By Michele Reitan, Business Office Manager

Retirement is an exciting next chapter of our lives, full of the promise of relaxation and opportunities for volunteering, family time, travel, and fun. However later retirement sometimes comes with new challenges and stressors as we slow down and need additional help. Financially speaking, your income is generally lower during retirement than during one’s earning years. Mapping out a budget that makes sense for this stage of life is an important step in preparing for a comfortable retirement. Here are a few select suggestions and pieces of financial advice for older adults:

First and most importantly, know you that you are not alone. Since older adults are at a higher risk of fraud and identity theft, it’s important to get help instituting anti-fraud measures. Don’t be afraid to say no to requests for contributions and be cognizant not to give out your personal information over the phone. Many financial institutions provide special assistance for older adults. Be sure to ask your bank or credit union about their aging-friendly policies. For example, you may be able to receive essential financial documents printed in a larger font, making it easier for you to make out important details. If you find that your institution does not cater to older clients, it may be time to do some “comparison shopping,” and find an institution that will go above and beyond to help you.

Though we are often reticent to discuss finances with even our closest friends, I suggest involving your family and friends in your planning process. As you develop a spending plan for your retirement, you may also want to find a financial advisor outside of your personal network. Look for an advisor with measured, professional expertise and a violation-free track record, and remember that if something seems too good to be true—it is!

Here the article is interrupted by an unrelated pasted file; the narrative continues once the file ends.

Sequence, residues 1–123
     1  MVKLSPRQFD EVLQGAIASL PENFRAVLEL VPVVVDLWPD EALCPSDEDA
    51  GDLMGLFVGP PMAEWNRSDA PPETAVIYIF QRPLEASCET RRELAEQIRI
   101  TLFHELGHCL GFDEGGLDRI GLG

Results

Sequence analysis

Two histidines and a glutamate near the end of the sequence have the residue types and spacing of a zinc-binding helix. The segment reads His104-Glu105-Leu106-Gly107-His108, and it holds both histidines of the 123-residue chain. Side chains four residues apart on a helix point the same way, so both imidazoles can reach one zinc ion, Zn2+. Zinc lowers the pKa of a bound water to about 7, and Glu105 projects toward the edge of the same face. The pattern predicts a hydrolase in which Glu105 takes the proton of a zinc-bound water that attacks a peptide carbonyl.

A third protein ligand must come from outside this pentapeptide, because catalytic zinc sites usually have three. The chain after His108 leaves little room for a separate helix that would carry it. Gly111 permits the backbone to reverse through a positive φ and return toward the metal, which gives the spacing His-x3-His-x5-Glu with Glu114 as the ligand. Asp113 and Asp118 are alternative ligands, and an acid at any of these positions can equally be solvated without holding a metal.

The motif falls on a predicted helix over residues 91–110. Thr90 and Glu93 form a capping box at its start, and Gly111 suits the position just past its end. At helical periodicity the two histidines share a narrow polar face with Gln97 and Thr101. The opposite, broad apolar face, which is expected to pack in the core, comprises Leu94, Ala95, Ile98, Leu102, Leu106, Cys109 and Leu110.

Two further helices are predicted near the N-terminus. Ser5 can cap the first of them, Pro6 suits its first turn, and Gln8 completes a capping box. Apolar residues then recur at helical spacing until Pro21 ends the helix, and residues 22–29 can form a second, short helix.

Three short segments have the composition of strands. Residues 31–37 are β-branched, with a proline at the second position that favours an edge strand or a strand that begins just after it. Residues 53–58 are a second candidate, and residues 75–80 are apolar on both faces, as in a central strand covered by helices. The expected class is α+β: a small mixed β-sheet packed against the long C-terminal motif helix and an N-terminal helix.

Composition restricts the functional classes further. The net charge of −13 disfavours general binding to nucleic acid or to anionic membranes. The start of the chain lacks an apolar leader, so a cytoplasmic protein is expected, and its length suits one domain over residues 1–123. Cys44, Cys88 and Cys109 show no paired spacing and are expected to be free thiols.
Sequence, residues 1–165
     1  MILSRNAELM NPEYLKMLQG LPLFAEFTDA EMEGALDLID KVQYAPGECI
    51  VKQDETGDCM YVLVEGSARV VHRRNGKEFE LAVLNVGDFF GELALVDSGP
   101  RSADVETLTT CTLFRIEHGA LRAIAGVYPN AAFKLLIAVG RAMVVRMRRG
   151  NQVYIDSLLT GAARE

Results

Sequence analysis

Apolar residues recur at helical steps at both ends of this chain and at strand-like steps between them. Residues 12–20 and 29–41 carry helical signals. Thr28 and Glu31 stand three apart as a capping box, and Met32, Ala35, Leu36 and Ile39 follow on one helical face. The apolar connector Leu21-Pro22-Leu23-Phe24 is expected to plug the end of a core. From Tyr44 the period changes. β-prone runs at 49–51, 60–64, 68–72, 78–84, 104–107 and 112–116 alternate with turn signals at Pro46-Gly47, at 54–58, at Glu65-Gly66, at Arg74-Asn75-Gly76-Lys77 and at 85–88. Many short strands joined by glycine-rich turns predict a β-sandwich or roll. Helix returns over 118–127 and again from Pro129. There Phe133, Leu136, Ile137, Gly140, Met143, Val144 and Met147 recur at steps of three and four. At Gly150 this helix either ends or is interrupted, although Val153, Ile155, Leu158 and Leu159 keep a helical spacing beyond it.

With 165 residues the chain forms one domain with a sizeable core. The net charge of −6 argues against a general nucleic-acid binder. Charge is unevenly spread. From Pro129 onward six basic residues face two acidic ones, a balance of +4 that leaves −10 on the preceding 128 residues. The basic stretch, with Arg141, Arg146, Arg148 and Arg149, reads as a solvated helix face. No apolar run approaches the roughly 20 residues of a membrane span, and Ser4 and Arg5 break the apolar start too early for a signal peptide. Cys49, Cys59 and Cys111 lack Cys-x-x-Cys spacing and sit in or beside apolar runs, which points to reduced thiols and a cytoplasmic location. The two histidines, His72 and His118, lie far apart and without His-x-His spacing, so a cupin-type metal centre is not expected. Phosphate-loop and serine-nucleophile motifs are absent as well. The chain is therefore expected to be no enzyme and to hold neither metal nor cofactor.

Older adults are also uniquely positioned to turn hobbies into extra sources of income! Now that you are no longer employed full-time in the workforce, consider turning your leisure activities into a productive enterprise. Here at Seventy Five State Street for example, many residents enjoy exhibiting (and selling!) their original artwork during First Friday. In addition to generating income, keep your eye out for deals and discounts for seniors as balancing expenditures is just as important as income. Everyone knows about the AARP and AAA but countless other organizations also offer special discounts for older adults.

Finally, stay organized and keep learning. Make sure to file your documents regularly, in an orderly
fashion and in a secure location. This will help you manage your day to day expenses better and if you fall ill, your loved ones will be able to better assist you in obtaining the care you need. Financial literacy is a lifelong skill that never grows old and learning helps keep the mind active.

%d bloggers like this: